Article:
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RogerDuMond

Are you saying you will still be required to file for an annulment, even though a legal divorce will be granted in the USA? 

 

 

 

 

Long story made short, it is a court order required for the NSO to put the decree in their records. This allows her to remarry in the Philippines.

Edited by RogerDuMond
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Paul

 

 

My USA lawyer which is also his lawyer will send me a copy of the divorce.

 

A bit off topic here. But, to let you know something of US Law, one of the few things I do know, is that one lawyer cannot represent both parties on a divorce. It is illegal. He either represents you, or he represents your husband. Never both.

 

Whomever paid him, I assume is who he is actually representing? So, if you paid him, he probably just contacted your husband to come into his office to sign the papers. Am I correct here?


 

 

It is called Petition for the Recognition of a Foreign Decree.  This proceedings is similar to the proceedings in an Annulment, except that it may just take a bit shorter period as compared to an Annulment because I wont anymore need to present a psychologist and scores of witnesses. I will just have to show proof to the court that the Divorce Decree that I want to be Recognized is a valid, legal and authentic document in the country (US) where it was issued.  I may be presented to prove that I am a party in that Divorce Decree and that the other party is my husband and that  both of us have been granted divorce. Other than the Divorce Decree I need to present our  Marriage Contract to prove that indeed we have actually been validly married.  Once the court grants Recognition of our Foreign Divorce Decree, it will issue  an order and once it becomes final, I  need to bring it for registration to the local civil registrar where I filed the Petition and to the local civil registrar of the place where we got married.  After completing the registration process, I need to submit the same to the NSO in Manila so that the appropriate annotation may be made in our  Marriage Contract in the data base, thereby restoring both of us to our former civil status.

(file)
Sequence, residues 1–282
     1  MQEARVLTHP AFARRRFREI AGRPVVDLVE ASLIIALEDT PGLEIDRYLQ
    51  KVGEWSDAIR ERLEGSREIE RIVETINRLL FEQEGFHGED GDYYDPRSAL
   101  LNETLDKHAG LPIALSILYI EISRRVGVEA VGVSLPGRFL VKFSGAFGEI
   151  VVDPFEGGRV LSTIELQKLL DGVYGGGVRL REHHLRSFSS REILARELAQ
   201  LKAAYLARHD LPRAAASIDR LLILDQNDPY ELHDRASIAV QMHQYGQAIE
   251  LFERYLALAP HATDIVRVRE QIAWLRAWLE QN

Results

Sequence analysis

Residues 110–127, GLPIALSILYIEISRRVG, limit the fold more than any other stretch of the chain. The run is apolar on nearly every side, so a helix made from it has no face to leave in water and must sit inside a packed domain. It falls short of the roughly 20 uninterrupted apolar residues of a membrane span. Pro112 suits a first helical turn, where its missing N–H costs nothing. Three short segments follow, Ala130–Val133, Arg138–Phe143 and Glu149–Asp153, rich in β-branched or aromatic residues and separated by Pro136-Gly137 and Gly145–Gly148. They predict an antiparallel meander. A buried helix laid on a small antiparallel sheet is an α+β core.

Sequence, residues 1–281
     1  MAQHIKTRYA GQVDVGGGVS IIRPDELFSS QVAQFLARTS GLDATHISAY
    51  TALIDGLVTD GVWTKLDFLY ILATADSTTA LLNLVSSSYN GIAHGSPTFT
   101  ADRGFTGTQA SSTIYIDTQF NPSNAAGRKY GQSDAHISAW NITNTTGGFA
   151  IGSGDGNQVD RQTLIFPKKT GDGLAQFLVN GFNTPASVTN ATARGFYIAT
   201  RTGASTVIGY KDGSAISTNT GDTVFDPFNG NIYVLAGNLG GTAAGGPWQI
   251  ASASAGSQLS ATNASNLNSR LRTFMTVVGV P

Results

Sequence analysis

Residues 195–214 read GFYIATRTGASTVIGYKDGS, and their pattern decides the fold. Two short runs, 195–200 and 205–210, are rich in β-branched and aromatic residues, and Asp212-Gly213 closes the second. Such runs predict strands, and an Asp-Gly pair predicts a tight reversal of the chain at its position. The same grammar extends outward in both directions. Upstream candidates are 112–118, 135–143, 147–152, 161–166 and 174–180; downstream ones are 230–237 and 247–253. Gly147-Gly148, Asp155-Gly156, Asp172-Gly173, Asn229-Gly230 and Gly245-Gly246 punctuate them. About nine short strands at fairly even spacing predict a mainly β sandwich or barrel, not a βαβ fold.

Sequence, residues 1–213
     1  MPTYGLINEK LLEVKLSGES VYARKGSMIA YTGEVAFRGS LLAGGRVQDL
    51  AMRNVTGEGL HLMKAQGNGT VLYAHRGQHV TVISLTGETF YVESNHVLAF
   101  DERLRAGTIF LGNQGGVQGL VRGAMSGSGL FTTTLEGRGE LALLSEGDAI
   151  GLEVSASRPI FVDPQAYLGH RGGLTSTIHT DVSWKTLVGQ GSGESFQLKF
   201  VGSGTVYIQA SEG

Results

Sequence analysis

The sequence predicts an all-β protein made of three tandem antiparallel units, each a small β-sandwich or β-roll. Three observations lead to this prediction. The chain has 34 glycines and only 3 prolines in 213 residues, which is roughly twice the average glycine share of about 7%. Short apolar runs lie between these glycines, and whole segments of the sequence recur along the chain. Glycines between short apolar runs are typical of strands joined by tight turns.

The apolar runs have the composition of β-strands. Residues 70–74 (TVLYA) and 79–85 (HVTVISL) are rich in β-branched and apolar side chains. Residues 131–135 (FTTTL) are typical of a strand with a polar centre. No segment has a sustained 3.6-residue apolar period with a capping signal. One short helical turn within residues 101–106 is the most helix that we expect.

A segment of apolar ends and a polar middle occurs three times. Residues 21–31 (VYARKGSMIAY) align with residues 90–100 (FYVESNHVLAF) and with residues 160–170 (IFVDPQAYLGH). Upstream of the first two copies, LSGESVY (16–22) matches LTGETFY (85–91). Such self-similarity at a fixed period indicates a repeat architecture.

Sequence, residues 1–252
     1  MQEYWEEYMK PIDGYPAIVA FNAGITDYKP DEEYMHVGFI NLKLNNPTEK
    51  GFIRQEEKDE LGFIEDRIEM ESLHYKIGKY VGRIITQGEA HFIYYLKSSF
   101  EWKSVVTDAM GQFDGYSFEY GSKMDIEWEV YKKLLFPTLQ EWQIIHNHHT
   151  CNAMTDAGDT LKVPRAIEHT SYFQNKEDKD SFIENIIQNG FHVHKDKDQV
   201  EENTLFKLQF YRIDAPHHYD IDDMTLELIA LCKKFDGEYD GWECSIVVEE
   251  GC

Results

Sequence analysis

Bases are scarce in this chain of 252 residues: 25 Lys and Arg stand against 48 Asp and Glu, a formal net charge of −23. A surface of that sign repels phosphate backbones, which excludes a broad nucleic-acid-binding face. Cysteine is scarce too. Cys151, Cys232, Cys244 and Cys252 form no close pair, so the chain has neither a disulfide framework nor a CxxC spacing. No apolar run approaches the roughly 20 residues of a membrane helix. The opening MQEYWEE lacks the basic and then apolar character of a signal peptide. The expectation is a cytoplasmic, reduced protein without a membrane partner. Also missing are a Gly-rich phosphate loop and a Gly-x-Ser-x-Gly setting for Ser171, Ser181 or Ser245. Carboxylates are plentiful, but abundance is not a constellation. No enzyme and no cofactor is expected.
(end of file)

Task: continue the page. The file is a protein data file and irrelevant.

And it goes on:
Translation: Another way for them to get money off the backs of Filipinos. 

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Maldita23

A bit off topic here. But, to let you know something of US Law, one of the few things I do know, is that one lawyer cannot represent both parties on a divorce. It is illegal. He either represents you, or he represents your husband. Never both.